Super investor Warren Buffett, CEO of the massive conglomerate Berkshire Hathaway (NYSE: BRK.A) (NYSE: BRK.B), has dispensed many nuggets of wisdom that can help make us better investors — and as better investors, we can grow richer.
Here's a look at some valuable investing lessons imparted by Mr. Buffett — including what may be one of his last recommendations.
Learning from Warren Buffett
If you want to learn how to be a smarter investor from someone who has headed his company for more than 50 years, growing its value by an annual average of about 20%, you're in luck: Warren Buffett has been publishing annual letters to his shareholders in each of those years. They're all available on the company website, going back to 1977.
In his 1977 report, he detailed how the company's textile business was struggling, despite a lot of hard work by dedicated people, and how the company's insurance business had done well, despite mistakes having been made. He explained: “One of the lessons your management has learned — and, unfortunately, sometimes relearned — is the importance of being in businesses where tailwinds prevail rather than headwinds.”
Buffett's ultimate plan for his own money
That's an old insight, and you might be wondering what wisdom Buffett has imparted more recently. Well, roughly a decade ago, in his 2013 letter to shareholders, he shared one of his last wishes:
He said that in his will, he directed how he wants the money he leaves for his wife to be invested: “Put 10% of the cash in short-term government bonds and 90% in a very low-cost S&P 500 index fund. (I suggest Vanguard's.)”
It's not a surprise that he likes Vanguard. He was friends with Vanguard's founder (and the father of index funds) John Bogle, and Vanguard is known for low fees, too — something Buffett would value.
But it might be surprising to you that Buffett is so bullish on index funds when he has been such an astute stock picker for so long. It shouldn't surprise you, though.
Buffett on index funds
An index fund is a passively managed mutual fund. Its managers don't have to apply much brainpower studying companies and making trading decisions. Instead, they just keep the fund filled with shares of whatever securities are in the index tracked by the fund. Since relatively little work is involved, index fund fees tend to be low.
Buffett's wife, like the rest of us, is not as brilliant an investor as he is, and she likely isn't that interested in studying stocks and making buy and sell decisions. Index funds are perfect for such people, offering roughly the same returns as the indexes they track (less those tiny fees). Since the stock market has averaged annual returns of close to 10% over long periods, index funds can build significant wealth over time. Check out how money grows at just 8%:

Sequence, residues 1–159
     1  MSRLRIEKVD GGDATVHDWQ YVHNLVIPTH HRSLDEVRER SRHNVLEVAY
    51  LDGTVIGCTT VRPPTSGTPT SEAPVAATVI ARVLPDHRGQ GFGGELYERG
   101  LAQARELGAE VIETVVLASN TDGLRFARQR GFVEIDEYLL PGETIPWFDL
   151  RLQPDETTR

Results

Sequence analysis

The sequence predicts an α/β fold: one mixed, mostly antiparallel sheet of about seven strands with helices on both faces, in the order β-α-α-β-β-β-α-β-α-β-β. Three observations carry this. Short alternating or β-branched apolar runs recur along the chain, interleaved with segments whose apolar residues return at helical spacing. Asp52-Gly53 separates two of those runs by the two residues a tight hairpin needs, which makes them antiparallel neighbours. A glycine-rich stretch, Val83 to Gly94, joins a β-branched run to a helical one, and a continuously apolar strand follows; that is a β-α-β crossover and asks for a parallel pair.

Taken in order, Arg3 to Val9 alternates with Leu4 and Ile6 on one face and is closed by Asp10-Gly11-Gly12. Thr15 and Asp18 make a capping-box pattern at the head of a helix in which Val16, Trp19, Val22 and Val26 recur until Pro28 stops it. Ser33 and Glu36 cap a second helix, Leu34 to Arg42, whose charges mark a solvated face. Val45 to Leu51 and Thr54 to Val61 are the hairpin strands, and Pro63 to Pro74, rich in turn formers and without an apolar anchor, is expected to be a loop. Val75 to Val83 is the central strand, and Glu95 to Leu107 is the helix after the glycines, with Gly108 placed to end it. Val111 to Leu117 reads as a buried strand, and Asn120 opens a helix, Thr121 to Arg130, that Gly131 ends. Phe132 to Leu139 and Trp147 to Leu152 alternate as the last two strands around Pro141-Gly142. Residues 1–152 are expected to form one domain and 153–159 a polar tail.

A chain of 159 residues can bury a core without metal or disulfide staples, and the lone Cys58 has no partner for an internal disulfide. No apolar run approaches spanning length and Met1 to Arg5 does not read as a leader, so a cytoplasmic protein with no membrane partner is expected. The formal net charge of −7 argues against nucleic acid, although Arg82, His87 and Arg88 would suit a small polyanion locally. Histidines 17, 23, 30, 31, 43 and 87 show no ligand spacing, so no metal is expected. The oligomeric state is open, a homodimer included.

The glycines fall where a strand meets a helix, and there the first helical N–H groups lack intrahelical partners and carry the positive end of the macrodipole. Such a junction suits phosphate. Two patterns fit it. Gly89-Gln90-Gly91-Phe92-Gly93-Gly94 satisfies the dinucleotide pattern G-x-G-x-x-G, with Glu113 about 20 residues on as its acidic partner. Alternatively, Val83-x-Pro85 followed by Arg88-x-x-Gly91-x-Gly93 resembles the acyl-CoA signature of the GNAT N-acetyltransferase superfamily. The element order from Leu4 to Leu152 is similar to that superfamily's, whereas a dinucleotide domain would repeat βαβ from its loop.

Growing at 8% for
$5,000 invested annually
$10,000 invested annually
$15,000 invested annually
Clearly, you can become a millionaire investing solely with index funds — as long as you're socking away significant sums regularly and have a long enough period during which your money can grow.
In a 2017 CNBC “On the Money” interview, Buffett suggested that investors “consistently buy an S&P 500 low-cost index fund… I think it's the thing that makes the most sense practically all of the time.” At his annual meeting in 2020, he said, “In my view, for most people, the best thing to do is to own the S&P 500 index fund.”
It's well worth learning more about Warren Buffett and his investing style — as adapting some of his approaches and principles can make you a more successful investor. But it's also fine to just park much or all of your long-term dollars in a low-fee, broad-market index fund. You can still amass a hefty nest egg for retirement that way.
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Selena Maranjian owns Berkshire Hathaway (B shares). The Motley Fool owns and recommends Berkshire Hathaway (B shares). The Motley Fool recommends the following options: long January 2023 $200 calls on Berkshire Hathaway (B shares), short January 2023 $200 puts on Berkshire Hathaway (B shares), and short January 2023 $265 calls on Berkshire Hathaway (B shares). The Motley Fool has a disclosure policy.